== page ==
Continuing the commentary on the Summary of Faith and Practice - we are working backwards toward the beginning at the moment...

TEXT: freeing themselves of sophistication and attachment to all forms of cleverness,



The term sophistication has a number of related meanings, most of them pejorative. The history of the word lies in the classical world of Greece and Rome. Originally a sophist was a person skilled in worldly knowledge, and from this it became a person who sold such knowledge, and such people came to be known as ones who often used false of overly clever arguments to make something seem true when in fact it was not. Thus the term came to mean posing as overly clever. There is also a positive use of the term, as when one might say that Einstein's theory was more sophisticated than that of Newton, where one simply means that it took into account more subtle information. The reference here in the Summary is to becoming caught up in ideas and arguments that sound impressive but are more or less void of meaning. Buddhism has a lot of philosophy and over the course of Buddhist history there have been many different schools of philosophical Buddhism.


Reading Buddhist works it is relatively easy to start to think that what is required is to find and fully understand the right theory about Buddha nature or voidness or causality or something of this kind. For instance, there was at one stage an extended debate over the question of what we might call the atoms of time – what is the smallest conceivable duration? Is life made up of such particles of time? This was related to the idea of a “thought-moment” and related to theories about what happens in meditation and in daily life and how each thought-moment is related to the next. Is enlightenment a matter of one perfect thought-moment? If you are enlightened in one thought-moment, are you then necessarily enlightened in the next? … and so on. This also had relevance to theories of rebirth, either from life to life or from thought-moment to thought-moment, and are those the same thing or different? Then there was a big controversy over whether the past, present and future all exist, or only the present exists, or none of them exist, and so on. This debate goes on to this day. Check out a mindfulness programme and you will probably read somewhere on an early page the assertion that only the present moment exists. However, the All-exist School (Sarvastivada) was for a long time the dominant Buddhist form and although the school itself no longer exists (unless it was right, in which case, having once existed, it does still exist) Sarvastivadan thought still exercises some influence. All the Mahayana schools of Buddhism have Sarvastivada masters from that time in their lineages and the thought of, for instance, Zen Master Dogen shows distinct traces of Sarvastivada thought. Contemporary Buddhism is much pre-occupied with ideas about (a) non-duality and (b) inter-dependence, and to read many contemporary Buddhist writings one would soon get the idea that so long as you hold the right idea on these matters you are a true Buddhist and if not, not. Unfortunately, I myself count as a heretic on this criterion.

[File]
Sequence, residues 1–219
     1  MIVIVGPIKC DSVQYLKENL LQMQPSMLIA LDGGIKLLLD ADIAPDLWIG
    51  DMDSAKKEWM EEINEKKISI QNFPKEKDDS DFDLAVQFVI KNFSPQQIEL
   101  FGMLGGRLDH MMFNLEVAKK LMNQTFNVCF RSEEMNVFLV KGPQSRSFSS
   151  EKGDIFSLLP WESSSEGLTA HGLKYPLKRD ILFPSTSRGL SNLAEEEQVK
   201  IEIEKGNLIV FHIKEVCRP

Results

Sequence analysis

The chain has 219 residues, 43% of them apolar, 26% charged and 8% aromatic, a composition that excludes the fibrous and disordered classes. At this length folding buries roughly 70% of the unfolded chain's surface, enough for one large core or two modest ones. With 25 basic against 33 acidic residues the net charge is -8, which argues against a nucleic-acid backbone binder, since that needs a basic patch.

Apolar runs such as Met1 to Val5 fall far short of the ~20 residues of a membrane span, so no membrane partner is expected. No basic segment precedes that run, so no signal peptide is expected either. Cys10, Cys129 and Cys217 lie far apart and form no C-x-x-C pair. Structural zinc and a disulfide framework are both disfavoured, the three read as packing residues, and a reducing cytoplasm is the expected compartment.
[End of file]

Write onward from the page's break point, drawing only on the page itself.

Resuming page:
Free Oneself

The point here is to “free oneself”. This does not mean reject. The difference between freedom and slavery in respect of matters of this kind lies in the question whether you use them or they use you. If one is a slave to certain ideas then one has given up one's freedom and a test of this is, to some extent, given by the vociferousness with which one will defend one's point of view and one's willingness or otherwise to hear others in an open way. Of course, sometimes, in listening to another, one realises that that person is a “slave” in this sense and one does not want to be dragged into that enslavement, but when we read the sutras we see that Buddha listened carefully to the arguments put forward by proponents of other schools, even though he then either went on to refute them, or offered an alternative perspective, or kept a “noble silence”.

The Hidden Heart

The wisdom of Buddhism is essentially that of penetrating beyond surface appearance, whereas sophistication is mostly about varnishing the appearance to make it more enduring. Such self-varnishing is a survival strategy and very understandable given the winds that blow. However it is also a disguise. We should not hold people's disguises against them - we are all in the same boat - but we try to reach the tender heart that is hidden within.

More than One Road